By Alfa · May 2, 2004 ·
  1. Alfa

    MONTPELIER - The two sides of the medical marijuana debate collided
    here Tuesday, when a supporter of the controversial state legislation
    loudly interrupted a presentation given by President George W. Bush's
    deputy drug czar, who was in town to advise local lawmakers on drug

    The Bush administration strongly opposes decriminalizing marijuana for
    medical purposes. The protester was among about 60 people who attended
    Dr. Andrea Barthwell's hour-long public presentation at the Pavilion
    Building auditorium. He said he was upset that the White House is
    trying to influence the local debate.

    Vermont would become the 10th state to decriminalize marijuana for
    medical purposes if a bill now being considered by a House committee
    becomes law. The Senate has already approved the measure.

    "They did not come here to listen to us, they came here to lecture us
    on their drug policy," the unidentified male protester yelled before
    being escorted out of the auditorium by security guards. "They have no
    business coming here and affecting our local debate."

    The interruption curtailed a public question-and-answer session, which
    did not resume. He was one of about 40 persons who earlier in the day
    attended a rally on the Statehouse stairs supporting the use of
    marijuana in medical treatment. The rally was called by several
    pro-marijuana groups in response to Barthwell's visit.

    Before meeting with the public and catching a mid-afternoon flight
    back to Washington, D.C., Barthwell spent the morning at the
    Statehouse, where she met privately with Gov. James Douglas and
    testified before the House and Senate Health and Welfare committees.

    Douglas, who does not support medical marijuana use, said Barthwell
    was invited to Vermont in part to "meet with legislative committees
    and explain to them why legalizing pot is not a good idea."

    Although her marijuana stance clearly drew the most attention,
    Barthwell also spoke with lawmakers about the administration's of
    methadone to treat heroin addiction and a new federal initiative to
    identify non-addicted drug users - so-called recreational users - and
    get them off drugs before they either become addicted or convince
    non-users to t
    ry drugs for the first time. Barthwell said marijuana
    users are among the program's prime targets.

    Besides decriminalizing marijuana for medical use, Vermont lawmakers
    are also considering expanding methadone treatment beyond a single
    Burlington-based clinic that can only treat 105 addicts. The proposal
    approves additional clinics and allows recovering addicts to take
    liquid methadone doses at home instead of having to ingest them in
    front of clinic staff.

    Take-home methadone would allow the Burlington clinic, which has a
    waiting list of about 150 addicts, to treat an additional 30 patients.

    Barthwell, who is the deputy director for demand reduction for the
    Office of National Drug Control Policy, said she supports expanding
    Vermont's methadone treatment to opiate addicts. However, she does not
    favor the medical use of marijuana for any reason, she said.

    "We do not want to see a medical marijuana bill pass here or anywhere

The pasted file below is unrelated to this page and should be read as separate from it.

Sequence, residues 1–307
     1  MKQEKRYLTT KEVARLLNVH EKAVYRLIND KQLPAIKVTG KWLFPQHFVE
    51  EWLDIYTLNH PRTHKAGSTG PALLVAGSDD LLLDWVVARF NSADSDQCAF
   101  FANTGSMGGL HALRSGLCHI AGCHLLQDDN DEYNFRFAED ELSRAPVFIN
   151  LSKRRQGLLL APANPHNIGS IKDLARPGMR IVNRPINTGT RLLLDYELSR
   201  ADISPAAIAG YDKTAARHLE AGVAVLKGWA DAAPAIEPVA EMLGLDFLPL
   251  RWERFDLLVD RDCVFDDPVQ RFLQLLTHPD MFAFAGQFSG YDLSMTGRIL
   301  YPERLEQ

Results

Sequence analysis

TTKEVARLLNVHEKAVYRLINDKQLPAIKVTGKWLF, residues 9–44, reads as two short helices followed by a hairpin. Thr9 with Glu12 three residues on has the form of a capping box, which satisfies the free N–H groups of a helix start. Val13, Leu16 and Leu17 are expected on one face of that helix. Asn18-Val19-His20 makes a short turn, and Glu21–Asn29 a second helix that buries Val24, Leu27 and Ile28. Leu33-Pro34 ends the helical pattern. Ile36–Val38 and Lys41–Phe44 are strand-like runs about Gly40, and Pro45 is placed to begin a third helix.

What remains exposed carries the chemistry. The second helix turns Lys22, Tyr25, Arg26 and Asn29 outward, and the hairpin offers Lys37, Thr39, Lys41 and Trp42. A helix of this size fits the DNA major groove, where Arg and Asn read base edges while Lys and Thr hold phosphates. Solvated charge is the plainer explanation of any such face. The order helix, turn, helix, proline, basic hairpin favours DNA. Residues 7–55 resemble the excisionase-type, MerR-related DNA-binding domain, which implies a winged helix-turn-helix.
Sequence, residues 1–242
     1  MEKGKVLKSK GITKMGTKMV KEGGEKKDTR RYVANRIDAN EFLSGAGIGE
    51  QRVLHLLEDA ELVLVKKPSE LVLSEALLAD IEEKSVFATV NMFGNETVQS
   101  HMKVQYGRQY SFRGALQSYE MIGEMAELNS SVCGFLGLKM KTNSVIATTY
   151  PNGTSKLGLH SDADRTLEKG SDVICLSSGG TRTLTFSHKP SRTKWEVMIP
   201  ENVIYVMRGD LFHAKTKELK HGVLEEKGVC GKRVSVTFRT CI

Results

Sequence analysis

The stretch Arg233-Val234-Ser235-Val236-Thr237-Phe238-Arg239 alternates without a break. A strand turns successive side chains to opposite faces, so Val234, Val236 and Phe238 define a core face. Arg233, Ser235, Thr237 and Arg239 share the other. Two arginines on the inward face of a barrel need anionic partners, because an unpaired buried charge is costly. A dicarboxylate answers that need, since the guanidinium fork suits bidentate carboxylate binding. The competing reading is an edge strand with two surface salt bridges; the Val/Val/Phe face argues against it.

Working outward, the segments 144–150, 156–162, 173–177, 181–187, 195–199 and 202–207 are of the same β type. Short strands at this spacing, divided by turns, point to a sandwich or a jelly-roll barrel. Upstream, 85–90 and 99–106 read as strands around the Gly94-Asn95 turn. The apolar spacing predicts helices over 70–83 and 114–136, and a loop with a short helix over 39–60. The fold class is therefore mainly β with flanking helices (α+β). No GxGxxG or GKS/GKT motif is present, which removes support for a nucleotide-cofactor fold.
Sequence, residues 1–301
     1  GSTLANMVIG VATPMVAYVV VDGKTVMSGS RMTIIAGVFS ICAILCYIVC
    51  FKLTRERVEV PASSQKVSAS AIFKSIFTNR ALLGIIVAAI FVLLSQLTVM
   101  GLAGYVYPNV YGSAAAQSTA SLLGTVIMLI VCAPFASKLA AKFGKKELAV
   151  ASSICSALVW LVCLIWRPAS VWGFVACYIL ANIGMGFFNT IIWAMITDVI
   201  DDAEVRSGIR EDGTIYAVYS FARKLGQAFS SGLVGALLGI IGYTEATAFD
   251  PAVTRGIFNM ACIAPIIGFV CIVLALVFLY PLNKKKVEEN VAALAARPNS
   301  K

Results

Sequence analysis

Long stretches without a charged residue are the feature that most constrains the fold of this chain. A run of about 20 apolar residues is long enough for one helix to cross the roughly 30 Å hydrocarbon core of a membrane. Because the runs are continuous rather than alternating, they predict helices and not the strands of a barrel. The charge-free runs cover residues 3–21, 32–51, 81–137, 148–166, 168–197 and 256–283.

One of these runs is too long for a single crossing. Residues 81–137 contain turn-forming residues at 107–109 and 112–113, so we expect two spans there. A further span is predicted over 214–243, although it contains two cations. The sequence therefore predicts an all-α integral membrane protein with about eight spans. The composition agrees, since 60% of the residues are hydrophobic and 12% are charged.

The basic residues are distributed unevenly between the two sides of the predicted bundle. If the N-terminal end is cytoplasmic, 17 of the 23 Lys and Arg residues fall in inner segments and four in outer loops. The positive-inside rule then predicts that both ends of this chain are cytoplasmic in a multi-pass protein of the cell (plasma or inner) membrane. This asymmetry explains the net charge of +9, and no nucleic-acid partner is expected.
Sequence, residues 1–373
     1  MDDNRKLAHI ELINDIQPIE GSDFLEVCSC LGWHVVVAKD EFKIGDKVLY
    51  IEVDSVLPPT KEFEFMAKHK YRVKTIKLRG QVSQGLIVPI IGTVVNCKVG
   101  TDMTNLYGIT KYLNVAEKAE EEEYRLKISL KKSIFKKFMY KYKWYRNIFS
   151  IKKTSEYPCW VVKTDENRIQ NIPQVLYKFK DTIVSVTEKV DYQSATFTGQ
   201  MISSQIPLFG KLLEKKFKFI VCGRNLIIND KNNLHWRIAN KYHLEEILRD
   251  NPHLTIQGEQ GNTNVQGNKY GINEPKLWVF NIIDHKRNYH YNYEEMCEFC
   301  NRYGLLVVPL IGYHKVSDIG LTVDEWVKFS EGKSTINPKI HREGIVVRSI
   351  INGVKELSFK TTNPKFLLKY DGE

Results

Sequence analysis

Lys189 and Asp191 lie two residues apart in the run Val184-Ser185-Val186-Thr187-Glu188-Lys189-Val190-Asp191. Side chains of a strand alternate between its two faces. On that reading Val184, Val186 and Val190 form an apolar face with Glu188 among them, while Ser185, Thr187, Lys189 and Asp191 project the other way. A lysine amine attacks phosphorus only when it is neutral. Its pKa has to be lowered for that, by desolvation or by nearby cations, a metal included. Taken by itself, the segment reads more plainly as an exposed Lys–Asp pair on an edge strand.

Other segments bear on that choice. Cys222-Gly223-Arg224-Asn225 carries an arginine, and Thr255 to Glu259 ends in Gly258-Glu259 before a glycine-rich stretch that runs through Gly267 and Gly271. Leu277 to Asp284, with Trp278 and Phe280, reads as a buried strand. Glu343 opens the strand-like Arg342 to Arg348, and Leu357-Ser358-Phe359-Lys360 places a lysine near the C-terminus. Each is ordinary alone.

else," Barthwell said.

    Barthwell said despite anecdotal accounts from cancer, Multiple
    Sclerosis and AIDS patients that smoking marijuana relieves nausea,
    eases severe pain and increases appetite, there is no scientific
    evidence to back up such claims. In fact, allowing people to grow and
    smoke marijuana would expose already sick people to potentially
    harmful, uncontrolled doses of the drug, she said.

    "It's a cruel hoax that exploits our passion for the sick," said
    Barthwell, who believes terminally ill patients are often "coached" on
    what to tell lawmakers by those whose true agenda is to legalize
    marijuana for everyone.

    Barthwell told lawmakers that THC, the active ingredient of marijuana,
    does show medical promise. Researchers are working to extract
    regulated doses of THC for medical use, much as they already have done
    with opiate compounds like morphine. But until science does this, the
    drug should remain illegal, she said.

    "Smoking a crude plant product is not a safe delivery system,"
    Barthwell told lawmakers. "Smoking a crude plant is not medicine."

    Medical marijuana supporters said terminally ill people are not
    instructed how to talk to lawmakers. They also said that smoking the
    substance is both safe and effective medicine.

    "I went to school all right, the school of HIV," said Katherine
    Perera, a Hancock resident who contracted AIDS 22 years ago and uses
    marijuana to combat the nausea caused by her medication. "I'm fighting
    for something I believe in. To put me down that way leaves me a little

    Sen. James Leddy, D-Chittenden, chairman of the Senate Health and
    Welfare Committee, also took Barthwell to task on her stance.

    "We heard nothing that was an alternative for these people's pain and
    suffering, so we struggle to understand where the hoax is," Leddy told
    Barthwell. "They are seeking desperate relief from pain and nausea.
    The government says the cruel hoax is taking the plant and using it in
    an illegal way... You are making a statement that based on the
    testimony we heard is not credible to the committee."

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